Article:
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Issue 17.4 ('100th Issue')
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FEATURE

Your First Web App

Creating a simple web app with Xojo

Issue: 17.4 (July/August 2019)
Author: Paul Budd
Author Bio: Paul first learned to program on a Vic-20 and spent many hours typing in listings from magazines during that 8-bit era. Although he works full time in a non-computer related industry, he finds time to write software and provide computer consultancy services to friends and colleagues. While owning an Apple Mac, he is predominantly a windows programmer.
Article Description: No description available.
Article Length (in bytes): 20,303
Starting Page Number: 48
Article Number: 17407
Resource File(s):

Download Icon project174007.zip Updated: 2019-06-30 18:21:48

Related Web Link(s):

http://SQLitebrowser.org

Excerpt of article text...

As I write this, I have just completed my first Xojo conference session as a presenter. I was encouraged to write an article along similar lines to that of my presentation, which was about a small web application I developed to capture time spent by representatives assisting colleagues in our local police service staff association.

The session was pitched at a beginner level which may surprise some who have never attended XDC. (As an aside, the conference is not just about finding out about the newest technology or most sophisticated way to solve a problem, it is so much more. The networking and evening events are just as valuable when meeting fellow developers on a one-to-one basis. Throughout the course of the event there are a range of presentations to cater to all abilities, so if you ever can attend, my advice is to take it.)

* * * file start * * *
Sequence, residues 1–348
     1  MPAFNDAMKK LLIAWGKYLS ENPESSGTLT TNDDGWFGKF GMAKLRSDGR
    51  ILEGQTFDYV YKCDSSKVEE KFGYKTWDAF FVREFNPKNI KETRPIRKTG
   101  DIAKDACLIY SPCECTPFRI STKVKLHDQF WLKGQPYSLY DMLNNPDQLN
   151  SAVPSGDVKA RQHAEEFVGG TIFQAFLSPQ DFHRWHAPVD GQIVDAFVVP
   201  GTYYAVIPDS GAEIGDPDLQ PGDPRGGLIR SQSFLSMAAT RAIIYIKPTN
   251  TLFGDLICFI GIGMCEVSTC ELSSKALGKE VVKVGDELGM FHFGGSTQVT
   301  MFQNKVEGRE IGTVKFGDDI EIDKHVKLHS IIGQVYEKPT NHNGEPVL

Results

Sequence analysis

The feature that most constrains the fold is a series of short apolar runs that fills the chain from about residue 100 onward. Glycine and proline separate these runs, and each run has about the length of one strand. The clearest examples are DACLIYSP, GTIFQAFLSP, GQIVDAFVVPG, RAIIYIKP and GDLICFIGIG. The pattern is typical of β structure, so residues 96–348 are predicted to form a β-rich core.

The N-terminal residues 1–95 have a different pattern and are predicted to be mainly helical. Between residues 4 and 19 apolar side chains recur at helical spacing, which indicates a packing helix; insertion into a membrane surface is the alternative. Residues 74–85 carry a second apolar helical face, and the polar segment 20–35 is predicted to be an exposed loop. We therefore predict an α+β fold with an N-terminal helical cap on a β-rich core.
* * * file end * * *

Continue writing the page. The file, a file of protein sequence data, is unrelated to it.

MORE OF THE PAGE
Having agreed to do a presentation, I then wondered whether anyone would turn up. Was the session too simple? I am glad to report that attendees did show up for what was essentially a "beginners 101 on web apps."

Following the presentation, I was approached by some of the audience who appreciated the level at which I had pitched it and others who had never developed using Xojo web requesting further information. In the feedback following the presentation there was a request for an even simpler demonstration, so I have decided to follow up with this short series of articles which I hope will encourage you to try web apps for yourself.

The web application we will be developing is based on one I use for tracking my collection of DVDs, BluRays, and video games, etc. I have over a thousand DVDs and BluRay discs alone and occasionally found myself buying duplicates for those I already owned. I had no easy and quick way to check ownership, so I developed a web application and catalogued the whole of my collection. The application runs on my home server and I can access this from my phone wherever I happen to be (see Figure 1).

We are going to develop a basic working system to show how to create a web application which you can then take further in your own way. I hope the articles will inspire you to start looking more closely at web applications and develop further ideas of your own.

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